The RIPA lysate containing phenylmethanesulfonyl fluoride (PMSF, Beyotime, Beijing, China), a protease inhibitor, was added into the exosomes or treated cells, and lysed on cold ice for 30 min. Then they were centrifuged and the supernatant containing proteins was collected for SDS-PAGE electrophoresis. After protein quantification by BCA kit (Thermo Fisher Scientific, Waltham, MA, USA), each sample of equal mass was subjected to 10% separation gel SDS-PAGE electrophoresis. The separated protein was then transferred to the PVDF membrane, blocked for 2 h (5% skim milk powder prepared by TBST). They were incubated with the primary antibodies, including anti-CD63 (1:000, ab217345, Abcam, Cambridge, UK), anti-CD81 (ab79559, Abcam), anti-ERG (1:1000, ab92513, Abcam), anti-SPOP (1:500, ab137537, Abcam), anti-β-actin (1:500, ab8226, Abcam), anti-GAPDH (1:500, ab8245, Abcam), at 4 °C overnight. The next day, the membrane was incubated with horseradish peroxidase-labeled secondary antibody (1:2000, ab205718, Abcam) for 2 h at room temperature. An enhanced chemiluminescence kit (Pierce Chemical Co., Rockford, IL, USA) was used to visualize the protein bands on the transfer membranes.

Quantitative real-time PCR (qRT-PCR)

The RNA expression in cells or exosomes were detected using qRT-PCR. In brief, cells were lysed using Trizol (Thermo Fisher Scientific, Waltham, MA, USA) and total RNAs in cells or exosomes were extracted by chloroform-isoamyl alcohol method. After qualitatively and quantitatively extracting the sample RNAs, the reverse transcription reaction is carried out according to the description of the TAKARA reverse transcription kit (Promega, Madison, WI, USA). The cDNA is used for the fluorescence quantitative PCR reaction. The qRT-PCR was performed by using Power SYBR Green PCR Master Mix (Thermo Fisher Scientific, Waltham, MA, USA) on a PRISM 7500 Real-TIME PCR System (Applied Biosystems, Waltham, MA, USA). GAPDH was used as the internal control in measuring PVT1 expression in cells and tissues. U6 was used as the internal control in measuring miR-183-5p expression. When measuring exosomal PVT1 expression, a synthesized exogenous control, 0.1 ng (1.8×108 copies) λ polyA+ RNA (Takara), was spiked in to normalize the exosomal total RNA at the onset of RNA reverse transcription [41]. The relative value of RNA expression was calculated by the 2-ΔΔCT method.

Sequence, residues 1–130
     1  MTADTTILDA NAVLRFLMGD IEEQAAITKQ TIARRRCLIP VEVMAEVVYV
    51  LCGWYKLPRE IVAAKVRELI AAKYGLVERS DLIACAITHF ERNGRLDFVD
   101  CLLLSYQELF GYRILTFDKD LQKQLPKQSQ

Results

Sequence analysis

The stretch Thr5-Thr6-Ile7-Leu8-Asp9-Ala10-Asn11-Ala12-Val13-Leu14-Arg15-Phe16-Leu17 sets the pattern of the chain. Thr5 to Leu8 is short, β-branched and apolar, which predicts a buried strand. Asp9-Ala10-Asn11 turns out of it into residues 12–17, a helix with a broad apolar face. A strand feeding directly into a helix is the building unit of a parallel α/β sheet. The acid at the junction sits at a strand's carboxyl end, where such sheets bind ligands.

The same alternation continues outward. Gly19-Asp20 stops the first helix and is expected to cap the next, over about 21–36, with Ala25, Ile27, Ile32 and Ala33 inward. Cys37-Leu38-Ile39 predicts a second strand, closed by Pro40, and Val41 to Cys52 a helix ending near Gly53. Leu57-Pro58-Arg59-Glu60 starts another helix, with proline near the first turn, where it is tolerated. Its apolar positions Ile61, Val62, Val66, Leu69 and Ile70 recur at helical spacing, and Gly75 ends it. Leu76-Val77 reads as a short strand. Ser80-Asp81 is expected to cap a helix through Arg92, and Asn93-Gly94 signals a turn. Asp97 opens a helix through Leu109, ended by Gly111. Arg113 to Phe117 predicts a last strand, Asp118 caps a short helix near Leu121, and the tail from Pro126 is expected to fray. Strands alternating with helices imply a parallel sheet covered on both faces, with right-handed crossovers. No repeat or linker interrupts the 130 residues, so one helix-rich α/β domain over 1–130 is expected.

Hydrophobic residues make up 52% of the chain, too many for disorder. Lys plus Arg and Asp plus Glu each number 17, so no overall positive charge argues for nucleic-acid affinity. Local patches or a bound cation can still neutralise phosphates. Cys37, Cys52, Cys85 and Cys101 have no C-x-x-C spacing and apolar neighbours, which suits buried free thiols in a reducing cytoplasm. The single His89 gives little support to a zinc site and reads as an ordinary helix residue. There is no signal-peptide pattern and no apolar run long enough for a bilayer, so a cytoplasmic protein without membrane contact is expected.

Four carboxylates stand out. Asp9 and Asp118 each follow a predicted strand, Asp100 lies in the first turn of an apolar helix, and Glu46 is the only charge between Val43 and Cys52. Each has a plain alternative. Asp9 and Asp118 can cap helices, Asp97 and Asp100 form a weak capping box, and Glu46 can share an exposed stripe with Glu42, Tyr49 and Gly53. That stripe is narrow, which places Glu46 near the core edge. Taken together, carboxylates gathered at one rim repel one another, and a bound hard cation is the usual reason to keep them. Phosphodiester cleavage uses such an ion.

PVT1-interfering exosome

BMSCs were transiently transfected with the small interfering RNA of PVT1, named as si-PVT1, using LipofectamineTM 2000 reagent (Invitrogen, Waltham, MA, USA) for 48 hours according to the manufacturer’s instructions. The si-PVT1 and its control (si-control) were bought from GeneChem (Shanghai, China). The PVT1-interfering exosome was isolated from the PVT1-interfering BMSCs.

Cell transfection

The osteosarcoma cells (Saos-2, MG-63, and MNNG/ HOS) were transiently transfected with PVT1 overexpressing vector (pcDNA-PVT1), siRNA of ERG (si-ERG), siRNA of Ets-1 (si-Ets-1), ERG overexpressing adenovirus vector (Ad-ERG), or miR-183-5p inhibitor using LipofectamineTM 2000 reagent (Invitrogen, Waltham, MA, USA). The pcDNA-PVT1 and its control (pcDNA), the si-ERG and its control (si-control), Ad-ERG and its control (Ad-GFP), and miR-183-5p and its control (negative control, NC) were bought from GeneChem (Shanghai, China).

Cycloheximide (CHX) experiment

The osteosarcoma cells (Saos-2, MG-63, and MNNG/HOS) were transiently transfected with siRNA of PVT1 (si-PVT1) followed by the treatment of a protein synthesis inhibitor, CHX (125 μg/mL). The protein level of ERG was detected at 0, 3, 6, and 9 hours using western blot analysis, respectively.

RNA pull-down assay